How to Ensure I-9 Compliance for Remote Hires

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A policy of allowing I-9s to be inspected remotely over video to accommodate changes instituted during the COVID-19 pandemic is coming to an end July 31. Employers must physically inspect I-9s that were completed remotely by Aug. 30.


Physical Inspection Plan


This means employers need a physical inspection plan, which Fay said should include:

  • Identifying I-9s that need a physical inspection.
  • Deciding if the physical inspection will occur at the worksite or remotely through the use of an authorized representative.
  • Drafting employee communications.
  • Ensuring employers have the required written documentation, such as a telework policy.
  • Initiating physical inspections and auditing the results.


Most organizations are using authorized representatives to do the I-9 physical inspections. The representatives can be family members or friends of the employee. However, if the documents presented with the I-9s aren’t real, the employer is on the hook.


Some employers may think there is a conflict of interest with a spouse or friend being the authorized representative. These organizations may decide not to use family or friends as the representatives, especially if the employers are prone to audits, and opt instead to use a notary, attorney, or accountant.


Be sure to communicate to remote employees that this physical inspection has to happen and why. The workers otherwise may not know the virtual review was a special circumstance and wonder why they have to do it again. They might even complain to the U.S. Department of Justice if the need for a physical inspection isn’t adequately explained, claiming the employer is requiring over documentation.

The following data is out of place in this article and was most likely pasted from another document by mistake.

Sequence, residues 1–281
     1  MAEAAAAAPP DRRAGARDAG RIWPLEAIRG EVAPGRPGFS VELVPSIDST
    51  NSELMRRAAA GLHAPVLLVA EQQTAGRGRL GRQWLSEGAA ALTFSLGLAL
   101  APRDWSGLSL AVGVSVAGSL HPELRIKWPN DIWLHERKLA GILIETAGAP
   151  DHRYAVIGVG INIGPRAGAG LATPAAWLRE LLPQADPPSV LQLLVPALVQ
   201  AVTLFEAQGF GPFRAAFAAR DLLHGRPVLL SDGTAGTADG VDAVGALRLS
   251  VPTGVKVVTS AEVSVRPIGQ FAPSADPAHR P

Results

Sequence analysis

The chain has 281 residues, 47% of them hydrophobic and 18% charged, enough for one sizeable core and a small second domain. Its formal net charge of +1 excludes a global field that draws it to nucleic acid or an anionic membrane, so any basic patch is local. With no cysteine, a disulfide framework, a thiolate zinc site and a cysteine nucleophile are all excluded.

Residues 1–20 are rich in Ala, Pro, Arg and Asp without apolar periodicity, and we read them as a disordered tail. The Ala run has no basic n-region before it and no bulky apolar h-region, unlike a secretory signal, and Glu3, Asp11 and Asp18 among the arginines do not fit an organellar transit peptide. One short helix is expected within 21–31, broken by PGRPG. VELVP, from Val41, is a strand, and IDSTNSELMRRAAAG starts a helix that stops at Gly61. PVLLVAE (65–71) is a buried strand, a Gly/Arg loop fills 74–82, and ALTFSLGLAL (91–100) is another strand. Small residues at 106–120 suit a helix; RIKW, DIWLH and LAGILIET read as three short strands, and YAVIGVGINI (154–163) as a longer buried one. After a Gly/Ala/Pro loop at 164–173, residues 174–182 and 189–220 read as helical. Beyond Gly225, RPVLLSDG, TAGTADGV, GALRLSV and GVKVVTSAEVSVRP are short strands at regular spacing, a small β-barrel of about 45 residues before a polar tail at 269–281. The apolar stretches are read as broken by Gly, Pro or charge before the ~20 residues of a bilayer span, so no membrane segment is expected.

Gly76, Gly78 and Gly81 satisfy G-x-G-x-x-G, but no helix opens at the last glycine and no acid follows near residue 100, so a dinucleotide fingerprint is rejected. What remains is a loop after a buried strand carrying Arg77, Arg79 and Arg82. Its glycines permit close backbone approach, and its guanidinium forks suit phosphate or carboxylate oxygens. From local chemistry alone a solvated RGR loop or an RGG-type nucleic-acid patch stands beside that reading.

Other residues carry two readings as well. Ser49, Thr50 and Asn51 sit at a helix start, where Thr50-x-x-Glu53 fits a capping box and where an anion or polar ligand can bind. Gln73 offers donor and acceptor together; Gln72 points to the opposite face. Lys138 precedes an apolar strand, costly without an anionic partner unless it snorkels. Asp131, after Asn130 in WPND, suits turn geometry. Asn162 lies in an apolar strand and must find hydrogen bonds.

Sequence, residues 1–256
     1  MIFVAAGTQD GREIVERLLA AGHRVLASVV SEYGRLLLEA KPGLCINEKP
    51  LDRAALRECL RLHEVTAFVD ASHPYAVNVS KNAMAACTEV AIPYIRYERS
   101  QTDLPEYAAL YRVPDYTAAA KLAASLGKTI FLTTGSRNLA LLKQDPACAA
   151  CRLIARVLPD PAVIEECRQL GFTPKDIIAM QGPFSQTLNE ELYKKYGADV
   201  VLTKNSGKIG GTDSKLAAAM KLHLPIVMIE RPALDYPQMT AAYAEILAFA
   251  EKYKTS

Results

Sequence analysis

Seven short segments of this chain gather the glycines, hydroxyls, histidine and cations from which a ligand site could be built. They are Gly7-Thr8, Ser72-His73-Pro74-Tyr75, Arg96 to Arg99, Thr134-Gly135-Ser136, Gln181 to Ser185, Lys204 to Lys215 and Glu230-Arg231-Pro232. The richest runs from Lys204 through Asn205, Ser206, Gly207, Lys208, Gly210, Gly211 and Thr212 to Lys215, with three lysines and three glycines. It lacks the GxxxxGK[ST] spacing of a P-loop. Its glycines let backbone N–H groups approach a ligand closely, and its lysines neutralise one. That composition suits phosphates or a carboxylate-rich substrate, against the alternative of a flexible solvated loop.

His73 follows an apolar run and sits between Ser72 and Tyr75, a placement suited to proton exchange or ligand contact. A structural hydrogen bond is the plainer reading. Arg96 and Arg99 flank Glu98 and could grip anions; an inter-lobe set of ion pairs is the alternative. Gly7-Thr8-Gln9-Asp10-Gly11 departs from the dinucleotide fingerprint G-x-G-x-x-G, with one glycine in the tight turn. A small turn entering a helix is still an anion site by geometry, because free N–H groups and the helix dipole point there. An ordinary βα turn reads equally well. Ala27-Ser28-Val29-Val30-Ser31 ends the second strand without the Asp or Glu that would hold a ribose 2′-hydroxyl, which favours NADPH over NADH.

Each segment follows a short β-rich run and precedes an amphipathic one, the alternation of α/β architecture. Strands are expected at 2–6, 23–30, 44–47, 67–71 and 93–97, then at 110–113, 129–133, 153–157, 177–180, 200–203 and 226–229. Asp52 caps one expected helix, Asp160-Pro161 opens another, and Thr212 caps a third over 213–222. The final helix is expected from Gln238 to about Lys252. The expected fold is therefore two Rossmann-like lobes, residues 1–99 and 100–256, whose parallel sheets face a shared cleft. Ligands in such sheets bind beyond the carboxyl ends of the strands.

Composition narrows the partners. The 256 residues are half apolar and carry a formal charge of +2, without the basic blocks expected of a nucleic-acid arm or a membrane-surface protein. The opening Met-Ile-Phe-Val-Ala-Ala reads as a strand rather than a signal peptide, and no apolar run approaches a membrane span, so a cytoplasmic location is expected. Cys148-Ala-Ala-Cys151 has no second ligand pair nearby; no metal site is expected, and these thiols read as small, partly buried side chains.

If a remote employee has left the organization but their I-9 has not been physically inspected, add a note to the I-9 form saying the employer was unable to perform the physical inspection because of the employee leaving and note the date of the separation.



Audits are another place where business needs and legal requirements can collide, Fay said. He added that audits by ICE can be unpredictable and stressful.


There are two types of violations, substantive and technical, he noted. Substantive violations can include not signing I-9 Section 2 or not completing an I-9 for an employee, a common failure.


Technical violations can include forgetting to enter the employee’s address on the form, for example. ICE will give employees 10 days to correct a technical violation, meaning that if the employer corrects it quickly, it is solved.


There is inconsistency in audits, so it is preeminent to correct these violations as soon as possible.


The following are the best practices:

  • Start by conducting a self-audit. If an employer does this before ICE shows up, ICE may not fine h even for substantive corrections that have been made.
  • Make sure to self-audit both paper and electronic I-9s.
  • Find mistakes and make necessary corrections.
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